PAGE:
What she said is that she thought for a long time that she was a writer that could teach, and eventually she realized that she was a teacher who could write. … My grandmother believed that books were freedom from ignorance and that they could transport you anywhere. And in that very moment, when you transfer someone to West Africa or Egypt or Rome or London, you are taking action in that kid’s life and exposing them to something and somebody else’s ideas and the beauty that comes from everywhere and everybody’s writing.


What would you say to students to help them realize the world your grandmother worked to create?

I would say that if you live with an open heart and you trust your gut and you love hard, you’re probably going to live an amazing life. And the only problems in life really come when you become calloused and you start to be jaded about what the opportunities in this world are and that people are innately great. Period. Everybody is innately great. Things might happen to them and make them worse people, bad people. … But in the heart of everybody is a really great person and everybody wants about the same thing you do. They want to eat, raise their kids, be successful, laugh a little bit, love a little bit. That’s it.

Pettway is a freelance writer and poet who lives and writes near Seattle, Washington.


1928 Maya Angelou is born Marguerite Annie Johnson Angelou in St. Louis, Missouri.

1935 Loses her ability to speak after being sexually assaulted by her mother’s boyfriend, who is subsequently killed.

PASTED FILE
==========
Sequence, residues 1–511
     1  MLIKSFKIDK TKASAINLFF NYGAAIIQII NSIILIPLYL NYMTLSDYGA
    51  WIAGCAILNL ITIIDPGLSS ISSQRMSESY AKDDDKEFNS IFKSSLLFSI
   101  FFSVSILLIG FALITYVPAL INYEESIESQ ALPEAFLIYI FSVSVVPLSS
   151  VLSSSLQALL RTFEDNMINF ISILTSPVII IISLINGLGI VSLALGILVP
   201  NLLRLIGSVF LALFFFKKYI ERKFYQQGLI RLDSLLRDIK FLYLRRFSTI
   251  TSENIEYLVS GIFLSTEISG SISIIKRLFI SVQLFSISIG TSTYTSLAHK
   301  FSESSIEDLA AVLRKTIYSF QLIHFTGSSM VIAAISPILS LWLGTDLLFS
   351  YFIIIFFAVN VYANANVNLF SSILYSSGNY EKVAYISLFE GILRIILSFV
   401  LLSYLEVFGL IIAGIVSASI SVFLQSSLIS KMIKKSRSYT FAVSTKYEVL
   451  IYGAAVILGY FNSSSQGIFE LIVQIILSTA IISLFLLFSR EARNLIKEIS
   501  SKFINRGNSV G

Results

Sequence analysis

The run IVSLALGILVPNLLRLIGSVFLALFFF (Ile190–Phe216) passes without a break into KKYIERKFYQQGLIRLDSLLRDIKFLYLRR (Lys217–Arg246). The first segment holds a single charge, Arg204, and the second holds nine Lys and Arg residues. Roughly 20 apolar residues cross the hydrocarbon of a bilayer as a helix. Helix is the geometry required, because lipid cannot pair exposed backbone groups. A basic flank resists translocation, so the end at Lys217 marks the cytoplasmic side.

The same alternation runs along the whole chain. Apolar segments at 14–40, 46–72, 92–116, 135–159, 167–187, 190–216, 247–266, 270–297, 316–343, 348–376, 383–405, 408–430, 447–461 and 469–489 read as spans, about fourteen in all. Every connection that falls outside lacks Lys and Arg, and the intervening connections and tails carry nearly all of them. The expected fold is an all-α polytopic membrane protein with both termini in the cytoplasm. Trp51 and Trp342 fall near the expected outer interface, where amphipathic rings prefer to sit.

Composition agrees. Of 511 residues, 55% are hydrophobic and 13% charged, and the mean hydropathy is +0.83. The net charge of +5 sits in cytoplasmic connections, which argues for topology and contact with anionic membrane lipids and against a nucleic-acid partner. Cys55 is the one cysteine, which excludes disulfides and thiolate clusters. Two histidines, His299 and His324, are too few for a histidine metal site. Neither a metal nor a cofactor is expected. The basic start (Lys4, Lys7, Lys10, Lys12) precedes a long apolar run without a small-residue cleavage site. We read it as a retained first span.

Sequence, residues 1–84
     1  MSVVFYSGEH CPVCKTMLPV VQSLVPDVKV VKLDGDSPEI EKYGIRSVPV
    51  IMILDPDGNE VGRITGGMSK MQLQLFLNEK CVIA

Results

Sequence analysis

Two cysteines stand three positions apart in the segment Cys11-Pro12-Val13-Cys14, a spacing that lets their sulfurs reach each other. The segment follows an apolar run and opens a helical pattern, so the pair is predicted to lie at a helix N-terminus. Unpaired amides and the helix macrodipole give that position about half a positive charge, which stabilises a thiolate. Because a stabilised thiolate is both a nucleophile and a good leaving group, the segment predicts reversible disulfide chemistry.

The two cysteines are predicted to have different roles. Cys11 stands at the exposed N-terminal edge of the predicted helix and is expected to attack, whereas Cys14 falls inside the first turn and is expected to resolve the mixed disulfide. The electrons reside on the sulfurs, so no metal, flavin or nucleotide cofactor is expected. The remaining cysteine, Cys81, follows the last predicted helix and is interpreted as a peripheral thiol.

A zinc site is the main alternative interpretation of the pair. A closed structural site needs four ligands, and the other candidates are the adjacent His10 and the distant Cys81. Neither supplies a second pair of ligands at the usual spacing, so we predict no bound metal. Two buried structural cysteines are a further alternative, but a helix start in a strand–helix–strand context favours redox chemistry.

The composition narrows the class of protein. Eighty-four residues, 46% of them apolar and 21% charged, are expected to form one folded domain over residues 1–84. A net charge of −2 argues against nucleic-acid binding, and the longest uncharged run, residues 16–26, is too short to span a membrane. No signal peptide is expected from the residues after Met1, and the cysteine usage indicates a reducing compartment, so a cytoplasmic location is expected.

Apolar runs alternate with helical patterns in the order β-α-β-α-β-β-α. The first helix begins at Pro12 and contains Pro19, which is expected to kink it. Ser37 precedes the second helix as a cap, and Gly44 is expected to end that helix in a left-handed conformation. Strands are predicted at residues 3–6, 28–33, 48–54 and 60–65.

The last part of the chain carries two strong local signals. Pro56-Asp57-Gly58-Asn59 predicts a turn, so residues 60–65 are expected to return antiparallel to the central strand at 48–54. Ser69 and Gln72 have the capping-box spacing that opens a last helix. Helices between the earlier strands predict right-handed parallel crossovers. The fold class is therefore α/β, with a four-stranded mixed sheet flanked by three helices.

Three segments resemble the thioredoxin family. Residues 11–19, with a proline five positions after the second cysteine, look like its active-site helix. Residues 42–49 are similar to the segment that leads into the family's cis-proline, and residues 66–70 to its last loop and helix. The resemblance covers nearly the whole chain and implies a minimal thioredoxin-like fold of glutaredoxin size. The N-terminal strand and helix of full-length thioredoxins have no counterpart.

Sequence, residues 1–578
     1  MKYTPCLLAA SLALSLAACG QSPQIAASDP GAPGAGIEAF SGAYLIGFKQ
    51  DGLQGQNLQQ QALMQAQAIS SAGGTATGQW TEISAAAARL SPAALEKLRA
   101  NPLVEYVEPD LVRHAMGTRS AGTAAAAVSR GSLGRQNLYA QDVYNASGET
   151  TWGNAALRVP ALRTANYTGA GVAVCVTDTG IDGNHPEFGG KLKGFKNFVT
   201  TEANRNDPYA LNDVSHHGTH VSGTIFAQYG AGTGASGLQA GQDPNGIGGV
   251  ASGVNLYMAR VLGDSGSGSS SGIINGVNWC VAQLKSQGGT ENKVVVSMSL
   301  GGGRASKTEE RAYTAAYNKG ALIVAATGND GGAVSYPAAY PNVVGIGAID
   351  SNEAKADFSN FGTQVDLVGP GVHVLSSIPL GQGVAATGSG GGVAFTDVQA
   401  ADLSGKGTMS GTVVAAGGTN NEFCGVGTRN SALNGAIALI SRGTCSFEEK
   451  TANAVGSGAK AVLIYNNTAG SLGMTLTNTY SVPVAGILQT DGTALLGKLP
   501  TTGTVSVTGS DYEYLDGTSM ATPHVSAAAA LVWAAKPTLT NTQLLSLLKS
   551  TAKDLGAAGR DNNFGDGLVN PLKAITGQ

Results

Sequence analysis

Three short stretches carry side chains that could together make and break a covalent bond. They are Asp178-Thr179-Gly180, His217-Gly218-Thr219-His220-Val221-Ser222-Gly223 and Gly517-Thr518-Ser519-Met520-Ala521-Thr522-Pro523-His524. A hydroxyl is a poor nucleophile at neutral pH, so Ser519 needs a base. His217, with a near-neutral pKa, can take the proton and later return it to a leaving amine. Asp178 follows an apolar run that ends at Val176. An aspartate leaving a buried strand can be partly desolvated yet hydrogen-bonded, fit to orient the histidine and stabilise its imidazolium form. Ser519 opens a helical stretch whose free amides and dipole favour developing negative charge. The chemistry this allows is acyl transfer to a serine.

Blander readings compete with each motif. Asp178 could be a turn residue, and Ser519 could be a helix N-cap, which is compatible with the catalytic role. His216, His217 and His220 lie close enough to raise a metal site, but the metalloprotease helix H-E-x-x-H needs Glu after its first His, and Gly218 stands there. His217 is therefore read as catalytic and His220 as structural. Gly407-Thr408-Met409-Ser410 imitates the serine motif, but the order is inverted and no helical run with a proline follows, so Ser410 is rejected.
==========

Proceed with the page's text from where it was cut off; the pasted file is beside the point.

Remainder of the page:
1940 Regains her voice with the help of mentor Bertha Flowers.

1945 Graduates from George Washington High School in San Francisco and gives birth to a son; becomes the first black female street car conductor in the city.

1954-1955 Tours the country as a cast member in the musical Porgy and Bess.

1959 Becomes the northern coordinator for the Southern Christian Leadership Conference (SCLC).

1961-1962 Becomes associate editor of The Arab Observer in Cairo, Egypt.

1964 Helps found the Organization of Afro-American Unity (OAAU).

1964-1966 Moves to Accra, Ghana, and becomes feature editor for African Review.

1969 Publishes her memoir I know Why the Caged Bird Sings.

1972 Becomes the first African-American woman to have a screenplay produced (Georgia, Georgia); Just Give Me a Cool Drink of Water ‘fore I Diiie is nominated for a Pulitzer Prize.

1973 Receives Tony Award nomination for Look Away.

1974 Returns to the United States.

1977 Is nominated for an Emmy Award after working on the TV miniseries Roots.

1982 Receives a lifetime appointment as Reynolds Professor of American Studies at Wake Forest University.

1993 Reads “On the Pulse of the Morning” at Bill Clinton’s inauguration.

1998 Directs Down in the Delta.

2000 Receives a National Medal of Arts.

2005 Receives NAACP Image Award for Hallelujah! The Welcome Table.

2009 Receives NAACP Image Award for Letter to My Daughter.

2010 Receives Presidential Medal of Freedom.

2014 Maya Angelou passes away at the age of 86.